Long before we could grab an asset on screen and tumble, spin, stretch, and diminish it into a semblance of three dimensionality, we couldn’t. Hand drafting an image to conform to a one-, two-, or three-point perspective didn’t even exist until Brunelleschi. The genial genius of Italy fathomed the concept in the early 1400’s and the renaissance shifted from simmer to bonfire. I’m just trying to give a little credit and perspective to the whole concept of perspective! Designers are copiously utilizing the same principle that jarred humanity centuries before. It was considered wizardry at the time when a subject they were accustomed to seeing on a two-dimensional plane swung back into space and suddenly created a sense of place.
These logos create a feeling of cinematic drama and though we’re no longer left in astonishment they do slow us down long enough to beg consideration. They help demonstrate space and time or anything else that exists on a continuum. They also establish the vantage point for the viewer. Logos may be looming overhead or leaving you behind. Possibly racing toward you or in the case of the Jodrell Bank Observatory logo, giving a sense of shape and space as the concave dish is defined. Squeezing down text in this fashion also tends to turn an otherwise lengthy wordmark into a compact and manageable symbol. And though the group of marks assembled here are type in orientation, it was a propensity but not an imperative to belong to the trend.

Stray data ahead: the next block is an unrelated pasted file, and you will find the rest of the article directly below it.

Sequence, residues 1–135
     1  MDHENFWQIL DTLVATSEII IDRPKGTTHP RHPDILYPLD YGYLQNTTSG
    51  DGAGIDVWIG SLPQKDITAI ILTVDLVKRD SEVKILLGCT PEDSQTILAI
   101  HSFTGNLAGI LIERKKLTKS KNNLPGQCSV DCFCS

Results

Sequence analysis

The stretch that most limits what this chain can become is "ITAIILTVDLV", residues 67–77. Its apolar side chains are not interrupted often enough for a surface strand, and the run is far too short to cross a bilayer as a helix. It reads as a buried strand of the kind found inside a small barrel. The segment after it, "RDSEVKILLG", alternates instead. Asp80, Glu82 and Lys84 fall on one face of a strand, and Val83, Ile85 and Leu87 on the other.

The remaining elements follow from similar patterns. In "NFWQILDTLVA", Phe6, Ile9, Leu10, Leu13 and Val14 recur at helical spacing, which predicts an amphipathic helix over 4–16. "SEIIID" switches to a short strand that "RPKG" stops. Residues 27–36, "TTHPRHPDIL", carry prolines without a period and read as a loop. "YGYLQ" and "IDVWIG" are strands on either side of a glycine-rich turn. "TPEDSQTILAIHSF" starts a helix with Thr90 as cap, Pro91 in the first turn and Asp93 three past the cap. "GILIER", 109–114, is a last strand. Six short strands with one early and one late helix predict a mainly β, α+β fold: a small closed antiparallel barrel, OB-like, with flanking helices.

CLIENT: FORWARD MAJORITY
CLIENT: AFM FILMS
CLIENT: PERSONAL BRANDING